Safeguards proposed by Brussels to stop a newly beefed-up European Central Bank from calling the shots on banks beyond the eurozone are unlikely to satisfy Britain and other EU countries that do not use the common currency.
The EU faces weeks of hard bargaining before a banking union puts the banks of the 17 countries that use the euro under the authority of the ECB next year, giving the Frankfurt-based ECB unprecedented new powers.
Countries like Britain – the EU's biggest banking centre – which are in the 27-member EU but do not use the single currency fear the ECB would be able to impose its will on bank regulation across the entire bloc.
Britain favours keeping powers with the European Banking Authority, a pan-EU body based in London, and imposing safeguards to prevent the ECB from dominating the EBA's decision-making.
The European Union's executive European Commission, which will publish its blueprint for the banking union tomorrow (12 September), has proposed safeguards in a leaked draft but a source familiar with the British negotiating position cast doubt on whether those would be enough to satisfy London, Reuters reported.
Among the safeguards proposed by Brussels in a draft law that will be unveiled on Wednesday, two of six members of the governing board of the EBA, which sets rules for the entire EU, would come from EU countries that do not use the euro.
A new panel of "independent experts" would also have the power to make recommendations on EBA action in emergencies and cases of rule-breaking, which would be binding unless the EBA overrules them in a vote that includes three non-euro members.
But the ECB will still be able to coordinate voting at the pan-EU regulator on behalf of the 17 countries that use the euro, giving it power that Britain and other non-euro members will find hard to swallow, banking regulation experts said.
"If all that is being talked about is two people on the management board, one should expect that the non euro zone states will be restrained in their enthusiasm for that solution," said Tom Huertas, a consultant with Ernst & Young and former vice chair of the EBA.
"What matters in the EBA is the vote and if the ECB votes on behalf of all 17 euro zone member states, the ECB will win every time hands down," Huertas said.
The EBA approves new rules for all EU banks by qualified majority, with votes based on a member state's size. That means the ECB, casting the euro zone's votes as a bloc, could push through or block technical standards, despite the safeguards.
London has said it wants assurances that the ECB will not have powers over non-euro zone banks. Britain has yet to comment on the latest proposals publicly, but is expected to respond after the draft is published on Wednesday.
"If I were the UK government, I would be looking for greater safeguards," said Michael McKee, a financial services partner at DLA Piper law firm in London.
The ECB declined to comment on the proposals before they are formally unveiled on Wednesday.
Tough bargaining ahead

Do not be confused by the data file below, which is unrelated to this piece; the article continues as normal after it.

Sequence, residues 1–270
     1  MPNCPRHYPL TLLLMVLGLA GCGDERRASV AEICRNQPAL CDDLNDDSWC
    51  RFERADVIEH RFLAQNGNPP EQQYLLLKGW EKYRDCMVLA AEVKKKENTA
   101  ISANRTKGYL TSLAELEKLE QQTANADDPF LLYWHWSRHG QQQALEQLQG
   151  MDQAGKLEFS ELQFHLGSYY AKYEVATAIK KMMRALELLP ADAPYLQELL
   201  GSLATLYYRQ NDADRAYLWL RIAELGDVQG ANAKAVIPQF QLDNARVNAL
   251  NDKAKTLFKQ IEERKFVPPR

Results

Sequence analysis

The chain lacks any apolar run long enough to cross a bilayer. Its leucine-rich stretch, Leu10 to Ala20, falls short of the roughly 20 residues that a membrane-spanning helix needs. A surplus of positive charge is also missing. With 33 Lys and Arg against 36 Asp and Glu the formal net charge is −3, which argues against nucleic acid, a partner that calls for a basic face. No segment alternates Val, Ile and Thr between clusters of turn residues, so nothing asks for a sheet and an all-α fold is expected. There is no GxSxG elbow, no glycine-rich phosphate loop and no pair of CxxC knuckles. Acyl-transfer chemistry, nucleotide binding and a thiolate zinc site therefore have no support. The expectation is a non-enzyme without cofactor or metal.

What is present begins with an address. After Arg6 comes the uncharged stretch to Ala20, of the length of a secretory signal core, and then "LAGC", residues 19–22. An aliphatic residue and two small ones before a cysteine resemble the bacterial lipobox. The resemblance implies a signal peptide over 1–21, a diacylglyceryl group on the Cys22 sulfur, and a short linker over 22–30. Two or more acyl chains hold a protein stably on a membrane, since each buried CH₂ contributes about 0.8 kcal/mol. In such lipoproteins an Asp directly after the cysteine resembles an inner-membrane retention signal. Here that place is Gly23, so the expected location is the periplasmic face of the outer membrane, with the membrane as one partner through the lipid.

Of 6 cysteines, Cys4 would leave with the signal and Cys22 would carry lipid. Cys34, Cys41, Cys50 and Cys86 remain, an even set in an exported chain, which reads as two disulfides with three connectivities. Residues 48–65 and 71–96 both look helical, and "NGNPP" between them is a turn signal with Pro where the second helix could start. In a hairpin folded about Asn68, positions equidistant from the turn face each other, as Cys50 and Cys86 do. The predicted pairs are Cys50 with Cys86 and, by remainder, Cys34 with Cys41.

Under the banking union, the ECB will become the lead supervisor for euro zone banks, taking on many tasks now handled by national regulators such as setting capital levels. It will then delegate the routine tasks back to local supervisors.
European leaders say the banking union is necessary to protect the financial system across the single currency zone during the debt crisis.
The EBA would continue to write pan-EU standards and check there is harmonised supervision across the bloc, but would shift its supervisory focus to non-euro zone banks and their links to the single currency area.
The huge banking industry in London means Britain has most at stake, but it is backed by other non euro zone countries like the Czech Republic, Denmark, Poland and Sweden, who also want to make sure the ECB respects the single market and is accountable.
Non-euro eastern European countries, for example, are concerned about the ECB's authority reaching into their banking sectors, large chunks of which are owned by euro zone banks.
The draft law, which will be unveiled on Wednesday, still must be discussed by EU states and the European Parliament. Haggling and changes are inevitable.
Britain may find it hard to impose tougher safeguards, as its non-membership in the euro has often left it on the sidelines in EU financial rulemaking, with countries like Germany, which has little faith in the EBA, in the driving seat.
Nevertheless, the draft law that confers the core euro zone supervisory role on the ECB will need unanimous backing of all 27 EU states to come into force next year, giving London and its allies some leverage.
However, even the strongest safeguards will not stop the ECB from gaining new clout when it takes charge of 6,000 banks across 17 countries.
"Even if you got added protections, it would still mean the ECB would have an increasingly powerful role within the EBA as it will be as much about influence as actual powers," McKee said.
On the other side, supporters of the ECB as a strong single regulator say there is no point in leaving powers in the hands of the EU-wide EBA, which would cause confusion.
"It does not make sense to be keeping some supervisory tasks for the EBA. I think the ECB will be furious about this," said Karel Lannoo, chief executive of Brussels think tank CEPS.
The bloc's financial services chief Michel Barnier had wanted the EBA to become the core of a banking union, but was rebuffed by Germany which backed the ECB for the job. The EBA is an agency of the European Commission, with its decisions ultimately having to be endorsed by the EU executive.